Meetings are a huge part of today’s work environment. Organizations are complex with many employees, specialized departments and project teams. It is impossible to keep it all on track without meetings. However, many meetings are less effective than they could be if you took a team building training approach.
Many of us plan, attend and facilitate meetings with little thought or planning. As Nike says you Just Do It. Chances are you are missing out on a lot of potential value at each meeting through lack of engagement and participation.
There are many ways to look at this challenge and in this blog, for the purposes of team building training, I will examine the meeting challenge through a personality lens. Myers-Briggs Type Indicator (MBTI) is one of many psychometric tools available today and MBTI happens to be the world’s most popular. One of the dichotomies that is examined through the MBTI is the pairing of Introversion and Extraversion. Using an understanding of these two preferences can help you plan and lead a more effective meeting.
In a meeting you will usually hear from the extraverts even if you do not want to and you may never hear from the introverts. The key is to balance the energy of these two styles.
Extraverts tend to think as they talk whereas introverts process internally before sharing. Extraverts are usually comfortable and confident speaking in front of a group and introverts may be less inclined and less comfortable doing so.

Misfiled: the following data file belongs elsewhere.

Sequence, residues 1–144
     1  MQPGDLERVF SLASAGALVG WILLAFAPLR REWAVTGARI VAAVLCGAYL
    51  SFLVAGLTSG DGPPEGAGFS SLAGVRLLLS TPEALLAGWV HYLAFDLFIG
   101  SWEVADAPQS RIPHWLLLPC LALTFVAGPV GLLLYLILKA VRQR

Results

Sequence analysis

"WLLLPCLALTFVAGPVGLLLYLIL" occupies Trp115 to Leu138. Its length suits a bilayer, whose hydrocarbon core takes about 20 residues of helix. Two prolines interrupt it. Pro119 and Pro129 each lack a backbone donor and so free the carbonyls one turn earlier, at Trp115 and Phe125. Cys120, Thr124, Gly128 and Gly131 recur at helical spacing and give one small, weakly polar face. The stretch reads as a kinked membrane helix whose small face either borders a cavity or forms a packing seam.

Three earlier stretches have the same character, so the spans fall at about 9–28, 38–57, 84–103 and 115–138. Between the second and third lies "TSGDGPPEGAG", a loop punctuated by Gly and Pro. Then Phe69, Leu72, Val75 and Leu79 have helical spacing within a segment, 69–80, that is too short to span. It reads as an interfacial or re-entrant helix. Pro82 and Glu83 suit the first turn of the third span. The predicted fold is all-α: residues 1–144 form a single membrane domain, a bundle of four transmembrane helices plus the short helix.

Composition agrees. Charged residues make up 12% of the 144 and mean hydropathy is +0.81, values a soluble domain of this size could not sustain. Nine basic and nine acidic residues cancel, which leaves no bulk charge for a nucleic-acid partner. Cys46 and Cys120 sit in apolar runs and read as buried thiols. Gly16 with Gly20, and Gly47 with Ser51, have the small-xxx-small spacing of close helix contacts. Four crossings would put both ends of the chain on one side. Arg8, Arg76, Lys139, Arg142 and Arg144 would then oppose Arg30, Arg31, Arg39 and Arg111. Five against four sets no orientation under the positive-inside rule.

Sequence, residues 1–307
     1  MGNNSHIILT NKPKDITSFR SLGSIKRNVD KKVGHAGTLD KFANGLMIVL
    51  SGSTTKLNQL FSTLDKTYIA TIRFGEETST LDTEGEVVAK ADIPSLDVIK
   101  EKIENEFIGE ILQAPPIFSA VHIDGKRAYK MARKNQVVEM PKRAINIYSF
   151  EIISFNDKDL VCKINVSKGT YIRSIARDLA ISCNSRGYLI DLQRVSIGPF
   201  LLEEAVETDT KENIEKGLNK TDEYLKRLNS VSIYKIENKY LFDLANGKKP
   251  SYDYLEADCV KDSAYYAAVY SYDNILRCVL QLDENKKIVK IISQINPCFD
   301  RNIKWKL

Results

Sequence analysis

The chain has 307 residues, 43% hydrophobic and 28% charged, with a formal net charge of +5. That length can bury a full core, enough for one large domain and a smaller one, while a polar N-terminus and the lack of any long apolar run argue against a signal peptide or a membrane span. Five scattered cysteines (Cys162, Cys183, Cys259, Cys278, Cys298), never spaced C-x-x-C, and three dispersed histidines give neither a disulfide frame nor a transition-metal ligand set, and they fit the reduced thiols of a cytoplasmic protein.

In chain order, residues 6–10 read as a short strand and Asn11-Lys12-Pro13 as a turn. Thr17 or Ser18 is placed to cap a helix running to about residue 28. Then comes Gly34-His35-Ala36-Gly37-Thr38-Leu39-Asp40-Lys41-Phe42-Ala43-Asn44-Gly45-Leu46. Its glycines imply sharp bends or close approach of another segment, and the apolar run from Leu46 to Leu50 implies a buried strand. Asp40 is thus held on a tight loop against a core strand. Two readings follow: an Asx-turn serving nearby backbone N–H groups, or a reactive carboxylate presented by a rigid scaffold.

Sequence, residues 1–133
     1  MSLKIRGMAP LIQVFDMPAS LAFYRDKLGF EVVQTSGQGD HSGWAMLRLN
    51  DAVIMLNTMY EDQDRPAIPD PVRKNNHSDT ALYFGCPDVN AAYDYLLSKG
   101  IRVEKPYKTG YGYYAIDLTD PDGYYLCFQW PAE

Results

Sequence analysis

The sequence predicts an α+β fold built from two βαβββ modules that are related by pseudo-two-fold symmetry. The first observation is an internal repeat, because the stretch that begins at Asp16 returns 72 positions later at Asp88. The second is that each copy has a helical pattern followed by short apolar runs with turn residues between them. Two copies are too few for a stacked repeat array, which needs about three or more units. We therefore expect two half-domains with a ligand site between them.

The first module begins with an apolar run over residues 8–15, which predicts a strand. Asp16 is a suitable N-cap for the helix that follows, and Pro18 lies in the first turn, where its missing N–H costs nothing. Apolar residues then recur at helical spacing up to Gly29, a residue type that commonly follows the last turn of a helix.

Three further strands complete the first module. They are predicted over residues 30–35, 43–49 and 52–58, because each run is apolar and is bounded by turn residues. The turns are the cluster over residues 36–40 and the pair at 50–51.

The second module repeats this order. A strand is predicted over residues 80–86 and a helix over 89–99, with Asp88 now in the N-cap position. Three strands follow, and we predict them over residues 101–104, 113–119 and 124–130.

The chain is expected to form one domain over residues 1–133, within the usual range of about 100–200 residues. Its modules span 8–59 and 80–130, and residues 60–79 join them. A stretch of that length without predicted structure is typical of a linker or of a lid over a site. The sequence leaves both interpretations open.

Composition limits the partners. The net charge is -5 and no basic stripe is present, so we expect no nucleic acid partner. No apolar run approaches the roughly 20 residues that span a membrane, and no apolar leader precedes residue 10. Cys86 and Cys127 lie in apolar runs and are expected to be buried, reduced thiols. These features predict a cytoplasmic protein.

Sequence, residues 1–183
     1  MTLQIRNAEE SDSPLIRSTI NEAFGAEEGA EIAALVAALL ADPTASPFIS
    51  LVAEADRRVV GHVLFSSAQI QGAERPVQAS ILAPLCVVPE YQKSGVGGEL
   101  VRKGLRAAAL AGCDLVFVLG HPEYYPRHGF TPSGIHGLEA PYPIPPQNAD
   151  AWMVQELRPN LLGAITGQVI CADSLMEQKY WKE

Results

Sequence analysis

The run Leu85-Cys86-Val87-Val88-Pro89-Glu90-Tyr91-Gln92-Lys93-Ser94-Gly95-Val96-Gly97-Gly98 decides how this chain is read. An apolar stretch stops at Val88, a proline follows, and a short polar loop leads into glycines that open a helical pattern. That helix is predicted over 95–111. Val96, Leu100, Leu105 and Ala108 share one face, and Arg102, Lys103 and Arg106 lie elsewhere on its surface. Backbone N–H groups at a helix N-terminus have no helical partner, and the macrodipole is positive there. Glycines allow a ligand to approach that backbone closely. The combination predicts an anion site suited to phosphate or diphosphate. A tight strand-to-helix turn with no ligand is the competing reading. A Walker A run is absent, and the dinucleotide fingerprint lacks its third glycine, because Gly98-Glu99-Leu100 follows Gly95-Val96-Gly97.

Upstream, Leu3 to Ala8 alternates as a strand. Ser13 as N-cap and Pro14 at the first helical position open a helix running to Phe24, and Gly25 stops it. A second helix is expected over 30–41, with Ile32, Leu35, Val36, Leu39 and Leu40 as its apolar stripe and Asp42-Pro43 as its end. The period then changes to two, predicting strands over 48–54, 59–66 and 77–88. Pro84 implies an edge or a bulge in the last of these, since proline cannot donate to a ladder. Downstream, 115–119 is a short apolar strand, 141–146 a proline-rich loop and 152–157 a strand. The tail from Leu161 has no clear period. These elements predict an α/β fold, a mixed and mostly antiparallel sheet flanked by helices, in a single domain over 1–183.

A few strategies to bring out the best in both types…
When having a discussion in your meeting break into small groups and ask people to discuss the topic in this group first. This smaller group provides a more comfortable environment for the introverts and gives them space to think. Have one person take notes and elect a spokesperson for each group (frequently an extrovert). This way the introverts are able to contribute in a safer environment and you are able to gather valuable input from all team members.
You may also want to pose a question for the group and ask them to write out their response first. You can have them share their ideas with another person. This satisfies the extraverts need to talk and the introverts need for time to process their thoughts before speaking to the large group.
When a lively discussion is happening among the group you will want to build in pause points that allow the introverts to join the conversation. Or you may need to put a structured reply process in place that allows everyone a turn to speak. Without this the extraverts will often dominate the conversation and you will not hear from the introverts. I have been told that introverts need a three second pause in the conversation in order for them to feel comfortable jumping in. For many extroverts this three seconds of silence is space to be filled. By building in structured gaps in the conversation you allow the introverts the comfort they need to join the conversation.
There are many things you can do to get more from your meetings and enhance engagement and participation and this is just one. The key is to take a team building training approach and plan the structure of your meeting to get the most from it.